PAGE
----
January: Black day for Ho Adivasis

History tells us about the Ho rebellion of 1920-21 and Kol rebellion of 1831-32. The Ho Adivasis never allowed the British to usurp their land

All over the world, 1 January is celebrated as the New Year’s Day. To call a day of joy and celebration as a “black day” sounds incongruous. But it is a black day for the Ho Adivasis of Kolhan, Jharkhand. One just has to be acquainted with their history to know why.  

History tells us about the Ho rebellion of 1920-21 and Kol rebellion of 1831-32. The Ho Adivasis never allowed the British to usurp their land. To subjugate the Ho Adivasis and establish their control over Singhbhum, a strategy was drawn up under the leadership of Captain Wilkinson, an agent of the British Governor General. Manki, the Pradhan of the Peedh and Muda, the Pradhan of the village, were used as pawns by the British to enslave the people. But their conspiracy failed and in many places, the British had to face guerilla attacks by the Ho people. To suppress the resistance put up by the Ho people, Captain Wilkinson launched a military campaign and the British troops entered the Kolhan area in 1837. But they could never subjugate the Ho Adivasis. They could neither capture the minds of the people nor their land.  

A rebellion exploded like a volcano in Kolhan under the leadership of great warrior Poto Ho. Secret conclaves were held in the dense forests where plans for hounding the British out of the area were made and groups of fighters ready to lay down their lives were forged.

One of the places where secret conclaves were held was Pokam, a village near Jagannathpur. Besides Poto Ho, the group included Boda and Debaye of Balandia; Potel, Gopali, Pandua, Nara, Badaye of Padsa; and around 20 others. The rebellion spread to innumerable villages, including Lalgarh, Amla and Badh Peedh and took the form of a people’s movement. Mara of Balandia; Koche Pardan, Pata of Sarvil; Pandua, Joto and Jonko of Dumaria; and other valorous men joined the rebellion. To crush this urge for independence, the British burnt down many villages and women and children were brutally done to death. The only objective of the group led by Poto Ho was to protect his people from political and economic interference from outside and to force the British to flee the area. The freedom fighters managed to hold on to the strategically important Sirung Sai (Serengisa) and Bagavila valleys and waged a well-organized battle against the British. On 19 November 1837, when the British army contingent reached the Sirung Sai Valley, Poto Ho’s group, which was lying in wait, rained arrows on it. As the valley was surrounded by dense forests and hillocks on all sides, it did not take much for the Ho fighters to defeat the British. A large number of British soldiers were killed – so much so that they thought it prudent not to reveal their number. To avenge their losses, the British attacked Rajabasa village on 20 November 1837 and burnt it down. They captured Poto Ho’s father and other villagers but Poto Ho still eluded them.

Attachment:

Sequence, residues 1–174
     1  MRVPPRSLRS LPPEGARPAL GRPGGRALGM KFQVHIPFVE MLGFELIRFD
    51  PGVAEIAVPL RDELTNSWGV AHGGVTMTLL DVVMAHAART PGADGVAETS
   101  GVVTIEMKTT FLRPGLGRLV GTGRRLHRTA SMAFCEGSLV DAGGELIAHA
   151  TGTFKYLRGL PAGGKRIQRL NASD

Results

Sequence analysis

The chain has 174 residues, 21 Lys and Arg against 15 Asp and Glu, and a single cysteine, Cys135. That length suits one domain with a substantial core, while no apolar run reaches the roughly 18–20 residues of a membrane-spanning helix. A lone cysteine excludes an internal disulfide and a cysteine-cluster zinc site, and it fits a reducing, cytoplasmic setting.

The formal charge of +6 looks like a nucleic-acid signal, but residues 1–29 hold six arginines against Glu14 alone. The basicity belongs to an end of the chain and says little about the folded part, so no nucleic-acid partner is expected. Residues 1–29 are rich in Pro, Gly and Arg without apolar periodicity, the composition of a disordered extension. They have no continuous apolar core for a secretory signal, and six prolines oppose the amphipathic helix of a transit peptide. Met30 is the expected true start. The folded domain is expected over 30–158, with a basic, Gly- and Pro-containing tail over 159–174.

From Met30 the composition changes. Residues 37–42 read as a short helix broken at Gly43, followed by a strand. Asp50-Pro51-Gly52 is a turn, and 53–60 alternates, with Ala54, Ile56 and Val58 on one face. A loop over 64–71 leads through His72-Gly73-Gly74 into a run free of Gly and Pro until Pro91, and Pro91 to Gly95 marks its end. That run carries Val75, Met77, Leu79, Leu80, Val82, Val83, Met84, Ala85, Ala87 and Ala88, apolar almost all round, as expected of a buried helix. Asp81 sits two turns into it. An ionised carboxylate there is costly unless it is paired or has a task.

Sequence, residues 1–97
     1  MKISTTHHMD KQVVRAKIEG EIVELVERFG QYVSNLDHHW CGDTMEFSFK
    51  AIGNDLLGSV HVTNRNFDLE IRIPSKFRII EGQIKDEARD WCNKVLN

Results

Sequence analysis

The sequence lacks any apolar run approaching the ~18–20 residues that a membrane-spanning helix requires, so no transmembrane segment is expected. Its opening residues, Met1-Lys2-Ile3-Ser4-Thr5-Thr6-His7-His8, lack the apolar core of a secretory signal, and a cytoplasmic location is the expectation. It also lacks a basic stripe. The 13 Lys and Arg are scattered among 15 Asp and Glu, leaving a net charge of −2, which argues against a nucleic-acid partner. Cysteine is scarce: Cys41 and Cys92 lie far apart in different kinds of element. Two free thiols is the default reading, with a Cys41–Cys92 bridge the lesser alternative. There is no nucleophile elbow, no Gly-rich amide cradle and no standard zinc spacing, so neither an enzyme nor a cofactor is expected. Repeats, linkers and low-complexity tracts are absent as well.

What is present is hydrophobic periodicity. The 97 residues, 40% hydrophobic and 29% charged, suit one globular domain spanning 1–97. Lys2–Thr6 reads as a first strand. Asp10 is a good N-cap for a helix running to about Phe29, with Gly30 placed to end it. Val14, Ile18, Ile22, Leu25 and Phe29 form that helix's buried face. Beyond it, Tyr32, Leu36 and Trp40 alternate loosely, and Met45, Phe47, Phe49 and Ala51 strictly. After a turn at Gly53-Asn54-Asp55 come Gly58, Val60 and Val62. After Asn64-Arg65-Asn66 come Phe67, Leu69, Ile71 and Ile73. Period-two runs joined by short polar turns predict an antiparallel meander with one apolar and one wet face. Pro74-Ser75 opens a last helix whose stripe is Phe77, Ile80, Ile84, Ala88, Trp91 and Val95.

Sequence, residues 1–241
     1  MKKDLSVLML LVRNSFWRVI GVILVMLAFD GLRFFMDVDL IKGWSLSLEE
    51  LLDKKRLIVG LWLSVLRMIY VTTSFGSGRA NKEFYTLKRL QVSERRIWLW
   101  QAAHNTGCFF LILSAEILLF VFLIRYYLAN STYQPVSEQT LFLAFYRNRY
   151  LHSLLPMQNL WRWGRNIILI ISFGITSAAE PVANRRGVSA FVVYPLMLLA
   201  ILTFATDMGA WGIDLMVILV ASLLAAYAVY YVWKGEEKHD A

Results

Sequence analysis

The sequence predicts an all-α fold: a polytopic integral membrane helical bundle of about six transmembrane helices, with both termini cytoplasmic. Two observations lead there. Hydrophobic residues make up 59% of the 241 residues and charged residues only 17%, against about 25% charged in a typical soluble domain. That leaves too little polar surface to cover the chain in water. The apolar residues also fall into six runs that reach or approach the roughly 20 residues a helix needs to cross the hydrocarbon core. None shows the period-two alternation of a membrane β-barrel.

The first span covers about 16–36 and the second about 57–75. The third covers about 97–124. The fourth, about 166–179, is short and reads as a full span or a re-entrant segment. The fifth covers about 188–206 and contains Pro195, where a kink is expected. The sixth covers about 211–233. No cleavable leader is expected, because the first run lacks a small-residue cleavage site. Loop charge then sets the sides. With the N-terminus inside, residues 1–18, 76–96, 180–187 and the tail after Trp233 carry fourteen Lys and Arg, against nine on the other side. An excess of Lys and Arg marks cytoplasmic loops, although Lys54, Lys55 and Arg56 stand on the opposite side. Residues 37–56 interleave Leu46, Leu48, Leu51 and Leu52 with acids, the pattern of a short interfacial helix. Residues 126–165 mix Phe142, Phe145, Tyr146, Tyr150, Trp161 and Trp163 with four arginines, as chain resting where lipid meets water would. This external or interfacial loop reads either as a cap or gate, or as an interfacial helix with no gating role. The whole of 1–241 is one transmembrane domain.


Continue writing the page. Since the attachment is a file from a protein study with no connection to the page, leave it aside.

Then, 300 soldiers of the Ramgarh battalion were summoned to Kolhan and the British, with the reinforcements, re-launched the campaign to capture the freedom fighters. They adopted all methods, including luring the villagers and persuading Manki Mundas to side with them. Ultimately, on 8 December 1837, Poto Ho and his comrades were arrested. Their trial began in Jagannathpur on 19 December 1837. The proceedings were completed within a week on 25 December 1837 and the verdict was pronounced on 31 December 1837. The judge was Captain Wilkinson, who was the prosecutor, too. This was clearly against all norms of justice. The British knew that until Poto Ho and his associates were alive, they would not be able to capture Kolhan. On 1 January 1838, Poto Ho, Debaye Ho and Badaye Ho were hanged to death in the presence of a huge crowd in Jagannathpur. The objective was to terrorize the people. On the morning of 2 January 1838, the rest of the rebels, including Nara Ho, Pandua Ho and Devi Ho, were executed in village Sirung Sai (Serengisa).

On 1 January 1948, a year after Independence, more than 2,000 Ho Adivasis were killed in police firing at Kharsawan Haat Bazar. They were opposing the decision to make the Kolhan area a part of Odisha. Then, on 2 January 2006, 14 Ho Adivasis were killed when henchmen of the Tatas opened fire on them. Their crime was that they were not ready to hand over their land to the Tatas.

New Year’s Day thus became a black day for the Ho Adivasis and the people of Kolhan area. No civilized society can celebrate the death of its valiant sons. That is why 1 January is observed as black day in Kolhan. No matter where they are, the Adivasis wear black badges on this day to pay tribute to their martyrs.  

Translation: Amrish Herdenia; copy-editing: Anil


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